Renting in the private sector leads to quicker biological ageing than owning your own home or being in social housing, research suggests.
Experts found private renting negatively affects health, with the impact being nearly double that of being out of work versus having paid employment.
Biological ageing refers to the decline in functioning of the body’s tissues and cells, irrespective of a person’s actual age.
Previous studies have suggested that biological ageing can accelerate during stressful events and reverse once the stress has stopped.
The experts behind the new study said renting privately, falling behind repeatedly with rent payments or living in a home affected by pollution is associated with faster biological ageing.
People living in social housing seemed to fare better, however, in part because of the security it offers and lower costs.
Writing in the Journal of Epidemiology and Community Health, the researchers said the “stress-induced acceleration of epigenetic ageing” may contribute to the long-known link between psychological stress and disease.
This shows how housing circumstances can “get under the skin with real and significant consequences for health”, they added.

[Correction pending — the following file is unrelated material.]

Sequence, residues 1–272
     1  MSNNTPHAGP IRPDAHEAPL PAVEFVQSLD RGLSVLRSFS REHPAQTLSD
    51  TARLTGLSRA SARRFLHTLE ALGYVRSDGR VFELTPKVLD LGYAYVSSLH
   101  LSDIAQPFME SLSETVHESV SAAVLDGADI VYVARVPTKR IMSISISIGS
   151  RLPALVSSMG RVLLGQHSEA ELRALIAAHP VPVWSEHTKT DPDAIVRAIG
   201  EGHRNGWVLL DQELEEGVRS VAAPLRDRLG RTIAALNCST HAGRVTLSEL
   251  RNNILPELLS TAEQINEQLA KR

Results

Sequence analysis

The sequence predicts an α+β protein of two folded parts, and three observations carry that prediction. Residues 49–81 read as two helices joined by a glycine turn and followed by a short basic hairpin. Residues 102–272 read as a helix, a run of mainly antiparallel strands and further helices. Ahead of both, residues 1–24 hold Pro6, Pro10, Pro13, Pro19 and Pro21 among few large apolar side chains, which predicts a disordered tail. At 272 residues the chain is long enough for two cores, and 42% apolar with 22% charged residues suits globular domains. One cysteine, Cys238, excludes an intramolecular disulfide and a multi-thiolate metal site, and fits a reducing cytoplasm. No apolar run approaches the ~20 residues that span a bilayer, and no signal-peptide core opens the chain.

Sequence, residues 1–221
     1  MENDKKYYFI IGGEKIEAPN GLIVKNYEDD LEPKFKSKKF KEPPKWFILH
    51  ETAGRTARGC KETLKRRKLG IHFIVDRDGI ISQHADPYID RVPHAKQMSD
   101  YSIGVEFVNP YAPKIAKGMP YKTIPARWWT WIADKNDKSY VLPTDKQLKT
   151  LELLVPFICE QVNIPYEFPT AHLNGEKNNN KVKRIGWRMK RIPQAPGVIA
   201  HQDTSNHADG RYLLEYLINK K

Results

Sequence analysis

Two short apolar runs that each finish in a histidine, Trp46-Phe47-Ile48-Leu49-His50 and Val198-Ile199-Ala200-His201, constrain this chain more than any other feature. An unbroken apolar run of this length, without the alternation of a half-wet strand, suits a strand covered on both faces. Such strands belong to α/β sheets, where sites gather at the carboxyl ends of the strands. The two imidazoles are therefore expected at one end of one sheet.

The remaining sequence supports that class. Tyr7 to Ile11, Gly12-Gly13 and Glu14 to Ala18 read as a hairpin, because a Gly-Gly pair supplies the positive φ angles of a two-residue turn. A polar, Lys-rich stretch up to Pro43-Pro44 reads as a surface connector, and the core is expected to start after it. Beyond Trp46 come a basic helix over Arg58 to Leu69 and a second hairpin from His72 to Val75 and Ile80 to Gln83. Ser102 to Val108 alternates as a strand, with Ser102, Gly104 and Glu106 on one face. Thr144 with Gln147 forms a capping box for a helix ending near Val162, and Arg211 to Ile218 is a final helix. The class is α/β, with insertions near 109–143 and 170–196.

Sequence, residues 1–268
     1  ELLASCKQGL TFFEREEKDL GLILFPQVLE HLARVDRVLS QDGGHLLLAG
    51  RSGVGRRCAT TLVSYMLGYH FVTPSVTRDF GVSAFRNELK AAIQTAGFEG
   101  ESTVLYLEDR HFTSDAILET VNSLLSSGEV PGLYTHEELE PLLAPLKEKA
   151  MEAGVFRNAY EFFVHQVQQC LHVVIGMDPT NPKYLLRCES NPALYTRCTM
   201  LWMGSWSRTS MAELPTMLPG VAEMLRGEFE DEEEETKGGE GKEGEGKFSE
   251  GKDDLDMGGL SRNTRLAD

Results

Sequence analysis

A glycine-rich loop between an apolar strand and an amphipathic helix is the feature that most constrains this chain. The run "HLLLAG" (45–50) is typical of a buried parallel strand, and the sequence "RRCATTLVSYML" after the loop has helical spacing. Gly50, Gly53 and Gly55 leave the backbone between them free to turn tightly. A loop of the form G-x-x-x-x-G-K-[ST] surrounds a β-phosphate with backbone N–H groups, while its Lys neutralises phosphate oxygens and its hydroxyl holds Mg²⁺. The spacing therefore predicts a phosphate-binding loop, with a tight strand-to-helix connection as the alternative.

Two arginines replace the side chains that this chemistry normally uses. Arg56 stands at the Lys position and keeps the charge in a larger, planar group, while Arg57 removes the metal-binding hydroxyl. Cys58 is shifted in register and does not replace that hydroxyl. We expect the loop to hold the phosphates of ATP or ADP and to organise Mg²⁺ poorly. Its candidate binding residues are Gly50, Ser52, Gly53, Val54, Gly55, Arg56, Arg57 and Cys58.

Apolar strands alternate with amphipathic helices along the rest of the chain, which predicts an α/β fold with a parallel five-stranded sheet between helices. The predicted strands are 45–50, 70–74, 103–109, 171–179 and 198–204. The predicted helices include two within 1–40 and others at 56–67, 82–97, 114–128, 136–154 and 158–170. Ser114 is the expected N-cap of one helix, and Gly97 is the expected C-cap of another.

“Perhaps most notable, and robust, is the faster ageing identified among private renters.
“Despite the stigmatisation of the tenure, social renting, with its lower cost and greater security of tenure, was not found to differ from outright ownership in terms of association with biological ageing…
“We posit that this may be related to the psychosocial benefits of additional security of tenure provided to social tenants.”
Experts from the University of Essex and University of Adelaide in Australia used data on housing and DNA methylation (a chemical marker of DNA changes) from the UK Household Longitudinal Study, linked with prior survey responses from the British Household Panel Survey (BHPS).
The analysis looked at factors such as length of tenancy, building type, the Government financial support available to renters, presence of central heating, housing costs, payment arrears, overcrowding and expectations around moving.
Further health information was collected from the 1,420 people in the BHPS survey, and blood samples taken for DNA methylation analysis.
The researchers concluded: “We find that living in a privately rented home is related to faster biological ageing.
“Importantly, the impact of private renting is greater than the impact of experiencing unemployment or being a former smoker vs never smoker.
“When we include historical housing circumstances in the analysis, we find that repeated housing arrears and exposure to pollution/environmental problems are also associated with faster biological ageing.
“Our results suggest that challenging housing circumstances negatively affect health through faster biological ageing.
“However, biological ageing is reversible, highlighting the significant potential for housing policy changes to improve health.”
The team argued that policies to “reduce the stress and uncertainty associated with private renting”, such as ending ‘no-fault’ evictions, limiting rent increases and improving conditions – some of which have already happened in the UK – may go some way to cutting the negative impact of private renting.